Detection of Multiple Pathogens by Surface Plasmon Resonance Imaging

Open Access
Walker, Stephen Paul
Graduate Program:
Agricultural and Biological Engineering
Doctor of Philosophy
Document Type:
Date of Defense:
May 04, 2010
Committee Members:
  • Paul Heinz Heinemann, Dissertation Advisor
  • Paul Heinz Heinemann, Committee Chair
  • Jeffrey M Catchmark, Committee Member
  • Roy Edward Young, Committee Member
  • Chitrita Debroy, Committee Member
  • Biosensors
  • Food Safety
  • Surface Plasmon
  • SPR Imaging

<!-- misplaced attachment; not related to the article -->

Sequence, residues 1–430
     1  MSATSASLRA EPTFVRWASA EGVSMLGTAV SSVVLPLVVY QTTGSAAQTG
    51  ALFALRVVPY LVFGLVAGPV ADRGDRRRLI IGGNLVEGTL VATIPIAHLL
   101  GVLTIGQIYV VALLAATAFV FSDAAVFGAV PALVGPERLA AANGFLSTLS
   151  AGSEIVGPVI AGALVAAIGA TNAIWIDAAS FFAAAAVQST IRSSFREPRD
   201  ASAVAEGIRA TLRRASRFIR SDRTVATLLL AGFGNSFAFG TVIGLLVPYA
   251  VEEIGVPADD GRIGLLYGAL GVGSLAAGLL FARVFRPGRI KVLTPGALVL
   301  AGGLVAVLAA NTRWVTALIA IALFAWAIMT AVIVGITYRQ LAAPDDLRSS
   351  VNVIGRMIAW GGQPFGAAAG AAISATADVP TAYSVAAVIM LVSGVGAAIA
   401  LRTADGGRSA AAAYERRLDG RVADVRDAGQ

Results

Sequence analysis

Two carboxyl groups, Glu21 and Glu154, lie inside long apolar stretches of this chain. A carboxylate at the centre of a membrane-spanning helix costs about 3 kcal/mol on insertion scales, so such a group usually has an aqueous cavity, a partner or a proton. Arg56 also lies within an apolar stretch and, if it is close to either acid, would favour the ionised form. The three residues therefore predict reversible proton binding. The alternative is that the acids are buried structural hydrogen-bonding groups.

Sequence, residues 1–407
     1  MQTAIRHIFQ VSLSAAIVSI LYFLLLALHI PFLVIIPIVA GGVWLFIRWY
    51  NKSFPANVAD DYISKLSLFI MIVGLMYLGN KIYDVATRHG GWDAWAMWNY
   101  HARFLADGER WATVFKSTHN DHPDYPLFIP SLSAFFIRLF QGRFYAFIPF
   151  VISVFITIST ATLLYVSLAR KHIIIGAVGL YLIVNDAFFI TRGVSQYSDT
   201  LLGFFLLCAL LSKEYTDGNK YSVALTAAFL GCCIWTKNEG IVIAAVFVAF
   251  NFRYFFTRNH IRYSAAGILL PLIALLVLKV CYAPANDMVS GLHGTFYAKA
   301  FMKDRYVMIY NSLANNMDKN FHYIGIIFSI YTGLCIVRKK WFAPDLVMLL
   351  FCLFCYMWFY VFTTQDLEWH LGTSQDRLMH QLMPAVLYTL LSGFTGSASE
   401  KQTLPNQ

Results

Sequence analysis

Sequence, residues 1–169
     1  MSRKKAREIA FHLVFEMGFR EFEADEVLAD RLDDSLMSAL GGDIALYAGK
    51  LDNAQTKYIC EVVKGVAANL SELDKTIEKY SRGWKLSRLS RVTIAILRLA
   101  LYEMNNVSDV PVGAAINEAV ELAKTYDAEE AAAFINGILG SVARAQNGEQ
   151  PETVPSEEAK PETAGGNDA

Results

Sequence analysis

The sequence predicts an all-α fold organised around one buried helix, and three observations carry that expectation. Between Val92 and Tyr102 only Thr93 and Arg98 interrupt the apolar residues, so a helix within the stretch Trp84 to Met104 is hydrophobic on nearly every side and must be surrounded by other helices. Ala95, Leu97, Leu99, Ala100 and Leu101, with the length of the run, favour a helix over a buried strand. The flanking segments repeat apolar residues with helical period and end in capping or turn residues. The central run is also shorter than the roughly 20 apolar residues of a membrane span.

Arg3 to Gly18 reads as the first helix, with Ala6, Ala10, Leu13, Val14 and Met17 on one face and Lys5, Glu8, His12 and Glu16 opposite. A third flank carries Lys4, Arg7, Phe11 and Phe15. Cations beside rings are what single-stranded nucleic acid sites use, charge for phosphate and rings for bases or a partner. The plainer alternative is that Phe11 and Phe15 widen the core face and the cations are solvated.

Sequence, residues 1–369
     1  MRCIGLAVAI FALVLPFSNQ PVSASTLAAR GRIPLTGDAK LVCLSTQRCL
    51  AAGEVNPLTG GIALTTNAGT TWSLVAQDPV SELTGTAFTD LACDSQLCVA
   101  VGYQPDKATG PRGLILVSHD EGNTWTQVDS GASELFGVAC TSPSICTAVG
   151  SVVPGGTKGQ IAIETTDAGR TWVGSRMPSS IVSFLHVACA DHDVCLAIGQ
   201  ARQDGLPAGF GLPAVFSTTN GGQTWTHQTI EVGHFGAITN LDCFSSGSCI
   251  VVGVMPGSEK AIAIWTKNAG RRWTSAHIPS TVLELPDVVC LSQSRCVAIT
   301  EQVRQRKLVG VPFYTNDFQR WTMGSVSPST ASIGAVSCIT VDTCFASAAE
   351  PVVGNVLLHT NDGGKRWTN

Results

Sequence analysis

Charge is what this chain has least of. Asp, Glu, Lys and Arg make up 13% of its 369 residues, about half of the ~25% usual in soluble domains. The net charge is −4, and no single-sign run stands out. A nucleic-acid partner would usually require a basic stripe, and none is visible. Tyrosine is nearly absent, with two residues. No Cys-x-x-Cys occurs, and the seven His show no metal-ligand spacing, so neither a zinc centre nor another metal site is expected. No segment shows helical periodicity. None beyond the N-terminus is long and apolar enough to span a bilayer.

The goal of this research was to determine if a surface plasmon resonance imaging device could be used to detect multiple pathogenic microorganisms that are commonly connected to food related illness. First, the dynamic range of the SPR imaging device was improved by the conversion of the device from a fixed-angle configuration to a scanning angle configuration by the addition of a computer-controlled stepper motor on the prism assembly. The enhanced dynamic range was challenged by studying the application of multiple, alternating thin polymer films of Poly(L-lysine) hydrobromide and poly(L-glutamate). The original fixed angle configuration was theoretically limited to differentiating less than 5 pairs of alternating films while the scanning angle configuration was tested to 7 pairs of alternating films without reaching the limit of dynamic range. The scanning imaging SPR device was applied to the detection and differentiation of: E. coli O157 and two non-O157 STEC strains, E. coli O128 and E. coli O101. To functionalize the gold surface of the SPR slide with an array of antibodies, self-assembled layers of 11-mercaptoundecanoic acid, poly(ethylenimine) and ExtrAvidin were applied. A commercial biotin-conjugated anti-rabbit IgG was mated to the ExtrAvidin surface and then antibody probes were acquired directly from the three types of rabbit antiserum. The results for this methodology were disappointing, with no differences between the antibody-functionalized array spots and non-functionalized control spots for any of the three E. coli strains. The methodology and goals were simplified and the SPR imaging device, restored to a fixed-angle configuration, was applied to the detection of E. coli O157, Salmonella enterica, and Listeria monocytogenes in pure cultures and in apple juice. Again using a self-assembled multilayer approach, the surface was functionalized with layers of 11-Amino-undecanethiol hydrochloride, N-succinimidyl-S-acetylthiopropionate, and streptavidin-maleimide resulting in a streptavidin surface layer. Then, purified, biotin-conjugated antibodies for each of the three target bacteria were coupled to the surface in an array configuration. This methodology was partially successful, with E. coli O157 and Salmonella enterica detected at the 108 cfu/ml level in pure culture. One of the three experimental trials resulted in evidence that Listeria monocytogenes was detected at the 108 cfu/ml level but across the three experimental trials the differences with the controls were not significant at any reasonable confidence interval. None of the target bacteria were successfully detected in apple juice.